Sitting atop the springs are three foam layers that perform different functions. The topmost is a layer of Aerofoam that helps regulate temperature, below which is a MemoryAdapt foam layer that moulds around a sleeper to make any sleeping position comfortable and, finally, a layer of Comfort HRX foam provides support by distributing body weight better across the mattress. Unfortunately, Emma Sleep doesn't provide any information on the density of these foam layers.

The top cover is removable and washable, made from what Emma Sleep calls UltraDry Breathable material, which is essentially a kind of polyester that’s breathable and soft. And, to ensure all these layers stay where they’re meant to, the bottom of the mattress is an anti-slip layer of cloth. With the Comfort Adapt not quite fitting this reviewer’s Emma Wooden Bed, that anti-slip layer came into its own, keeping the whole mattress from shifting with every toss or turn.

Emma Comfort Adapt mattress removable cover partially folded over at a corner

(Image credit: Sharmishta Sarkar / Tom's Guide)

Emma Comfort Adapt mattress review: firmness and comfort

  • Good overall support and comfort
  • Manufacturer firmness rating medium (5.5-6)
  • Tom’s Guide firmness rating of 6 out of 10 (medium)

Every time we test a mattress, we’re acutely aware that comfort is subjective. With that in mind, we take our time with each mattress we review, trying them in our own homes and sleeping on them for a minimum of 30 days before coming to a conclusion. With the Emma Comfort Adapt, this reviewer used it on her own bed for over 60 days, giving her a better overall picture of how comfortable the mattress will be for most sleepers. And in that regard, the Emma Comfort Adapt came out with flying colours.

We had two different body types use the mattress during this testing period – a tall, lean stomach sleeper and a short, heavy side sleeper. Both testers found the Comfort Adapt comfortable, with the foam layers providing support where it matters — shoulders and hips — and keeping the back more or less straight through the night. That meant waking up in the morning with less discomfort. 

The firmness here is quite deceptive — when we first began testing the Comfort Adapt, Emma had its firmness level listed at 4 (medium soft), but just before publication of this review it was changed to 5.5 to 6 (medium). The mattress, however, sleeps like a 7, but the top foam and cover offer a slightly plush feel that makes the mattress firmness feel like 6 out of 10, which is where we would rate it at and, for once, we find ourselves agreeing with a manufacturer’s firmness rating — although we’re uncertain why Emma decided to change a number they had stuck by for months.

You’d think that even with a rating of 5 or 6 — which we’d class as ‘medium’ — the mattress would sink a little on account of being on the softer side to what the older Emma mattresses have felt like previously, but surprisingly not. Even with the heavy tester lying on it all day, the foam layers and springs held firm. After sleeping on it every single night for 60 nights, there was still no evidence of the foam layers softening further. So you could say that the Emma Comfort Adapt will hold firm (pun intended) for most users and provide a comfortable night’s sleep. That said, as we’ve mentioned previously, if you are much heavier, it might be advisable to invest in a more robust mattress if you can spend the extra money.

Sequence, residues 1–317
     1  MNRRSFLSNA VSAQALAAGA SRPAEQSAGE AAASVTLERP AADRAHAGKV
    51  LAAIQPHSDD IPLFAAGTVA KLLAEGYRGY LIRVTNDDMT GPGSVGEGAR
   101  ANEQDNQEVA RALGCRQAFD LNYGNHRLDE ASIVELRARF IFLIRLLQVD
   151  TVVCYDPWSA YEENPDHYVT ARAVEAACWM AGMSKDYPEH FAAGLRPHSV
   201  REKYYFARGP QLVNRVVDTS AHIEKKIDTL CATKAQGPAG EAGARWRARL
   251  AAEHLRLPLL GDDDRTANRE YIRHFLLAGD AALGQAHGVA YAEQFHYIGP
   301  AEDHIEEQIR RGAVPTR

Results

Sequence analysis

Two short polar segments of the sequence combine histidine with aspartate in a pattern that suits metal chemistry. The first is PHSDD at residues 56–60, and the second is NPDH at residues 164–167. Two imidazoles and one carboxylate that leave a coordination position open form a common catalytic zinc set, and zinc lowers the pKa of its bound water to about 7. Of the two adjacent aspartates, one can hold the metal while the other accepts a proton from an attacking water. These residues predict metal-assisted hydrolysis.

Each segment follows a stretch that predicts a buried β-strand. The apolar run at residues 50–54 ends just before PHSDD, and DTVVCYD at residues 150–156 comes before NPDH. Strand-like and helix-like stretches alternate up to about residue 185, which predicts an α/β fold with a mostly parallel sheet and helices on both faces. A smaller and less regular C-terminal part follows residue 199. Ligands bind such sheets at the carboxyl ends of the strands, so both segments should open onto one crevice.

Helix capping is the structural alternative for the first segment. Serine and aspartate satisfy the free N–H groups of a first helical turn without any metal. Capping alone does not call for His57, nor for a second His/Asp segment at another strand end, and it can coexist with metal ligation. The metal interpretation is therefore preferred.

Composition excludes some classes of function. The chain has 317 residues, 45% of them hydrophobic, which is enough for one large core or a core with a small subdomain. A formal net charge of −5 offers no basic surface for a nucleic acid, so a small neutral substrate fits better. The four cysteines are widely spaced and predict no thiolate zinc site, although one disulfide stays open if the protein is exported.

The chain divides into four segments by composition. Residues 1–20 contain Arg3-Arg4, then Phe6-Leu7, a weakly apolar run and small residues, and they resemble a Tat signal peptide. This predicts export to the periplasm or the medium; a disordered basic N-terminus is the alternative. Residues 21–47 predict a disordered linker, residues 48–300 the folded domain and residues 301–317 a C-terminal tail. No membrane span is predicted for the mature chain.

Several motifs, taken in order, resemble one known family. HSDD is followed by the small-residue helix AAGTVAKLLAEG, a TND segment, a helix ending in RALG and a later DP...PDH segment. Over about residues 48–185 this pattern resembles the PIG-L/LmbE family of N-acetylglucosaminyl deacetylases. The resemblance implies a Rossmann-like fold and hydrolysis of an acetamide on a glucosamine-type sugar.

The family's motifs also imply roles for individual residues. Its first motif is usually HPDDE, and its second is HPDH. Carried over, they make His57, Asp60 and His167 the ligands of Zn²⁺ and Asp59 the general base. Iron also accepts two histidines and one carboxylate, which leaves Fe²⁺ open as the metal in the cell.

Emma Comfort Adapt mattress

(Image credit: Sharmishta Sarkar / Tom's Guide)

Emma Comfort Adapt mattress review: Performance

  • Good back alignment
  • Better edge support and good temperature regulation
  • Sizing issues may occur

As we’ve previously said in this review: the Emma Comfort Adapt is a major improvement to what the German brand has previously offered as its entry-level mattress. Practically every aspect of the mattress is better, from comfort to breathability. And while comfort might be subjective, we can judge other features of the mattress better to get an overall picture on whether the Comfort Adapt is worth your hard-earned money or not.

You can also come to your own conclusions given you get a 100-night trial to figure out whether the Comfort Adapt is worth holding on to for long-term use. We would highly recommend that you not judge a mattress after just one or two nights, unless it’s affecting your sleep quality significantly. It’s good to allow a mattress time to break in and eight weeks (or a minimum of 60 nights) is an ideal time to do so if the trial period allows for it. With Emma, you get more time to try the product, so definitely take advantage of that.

Our scores for the performance metrics below are based on 60 nights of using the Emma Comfort Adapt.


Score: 4 / 5

As with all Emma Sleep mattresses, the Comfort Adapt will arrive rolled up in a box, vacuum-sealed and shrink-wrapped. Unless you’ve purchased a single, the other sizes might require two people to get the product out of the box and place it on the bed. Before you start cutting away the plastic wrap, check to make sure the dark grey layer is on the base to allow the white cover to unfurl on the top.

As you peel away the plastic, the mattress will begin to unroll on its own and, if you’ve placed it perfectly on the bed, will not require any further adjustments. If it does, there are a pair of fabric handles on either side of the mattress that you can use to make the adjustments you need.

While the setup is as simple as that, we found that our review mattress — which was a double size — didn’t quite fit the Emma Wooden Bed; it was about an inch too small, showing the slats and the underbed storage below. We allowed two more days for the mattress to finish fully off-gassing, hoping that would fix the problem, but the outer cover remained loose and the mattress didn’t fit Emma’s own bed frame.